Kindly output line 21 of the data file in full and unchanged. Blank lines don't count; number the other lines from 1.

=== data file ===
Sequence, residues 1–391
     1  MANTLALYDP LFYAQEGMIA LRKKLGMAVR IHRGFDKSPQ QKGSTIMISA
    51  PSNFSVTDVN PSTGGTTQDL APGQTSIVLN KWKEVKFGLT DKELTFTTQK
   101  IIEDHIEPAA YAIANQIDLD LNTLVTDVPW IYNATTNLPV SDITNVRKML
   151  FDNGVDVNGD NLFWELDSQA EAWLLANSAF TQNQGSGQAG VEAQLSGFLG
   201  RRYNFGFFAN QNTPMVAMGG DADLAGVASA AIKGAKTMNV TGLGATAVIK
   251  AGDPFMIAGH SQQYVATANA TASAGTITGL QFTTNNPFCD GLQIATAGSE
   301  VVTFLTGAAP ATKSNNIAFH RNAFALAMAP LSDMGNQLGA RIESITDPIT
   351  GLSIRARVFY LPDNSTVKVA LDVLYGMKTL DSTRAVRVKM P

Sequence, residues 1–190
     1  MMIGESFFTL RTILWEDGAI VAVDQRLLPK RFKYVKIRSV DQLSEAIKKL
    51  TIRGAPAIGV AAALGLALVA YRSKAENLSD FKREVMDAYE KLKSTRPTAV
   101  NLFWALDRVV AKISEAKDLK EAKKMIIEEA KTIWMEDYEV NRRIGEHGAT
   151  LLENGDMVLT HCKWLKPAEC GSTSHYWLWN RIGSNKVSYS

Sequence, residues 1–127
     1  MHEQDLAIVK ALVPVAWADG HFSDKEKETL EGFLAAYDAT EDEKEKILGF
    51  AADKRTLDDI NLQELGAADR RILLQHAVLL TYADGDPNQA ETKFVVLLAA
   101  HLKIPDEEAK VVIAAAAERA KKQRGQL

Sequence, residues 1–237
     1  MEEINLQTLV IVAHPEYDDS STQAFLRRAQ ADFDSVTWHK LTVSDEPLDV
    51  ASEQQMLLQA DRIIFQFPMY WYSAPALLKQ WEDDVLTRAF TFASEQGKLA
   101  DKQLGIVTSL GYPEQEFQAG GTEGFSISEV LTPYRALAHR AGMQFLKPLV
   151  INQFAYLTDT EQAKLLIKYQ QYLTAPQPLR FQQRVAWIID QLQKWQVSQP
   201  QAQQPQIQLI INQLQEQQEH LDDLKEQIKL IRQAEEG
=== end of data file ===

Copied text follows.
    51  ASEQQMLLQA DRIIFQFPMY WYSAPALLKQ WEDDVLTRAF TFASEQGKLA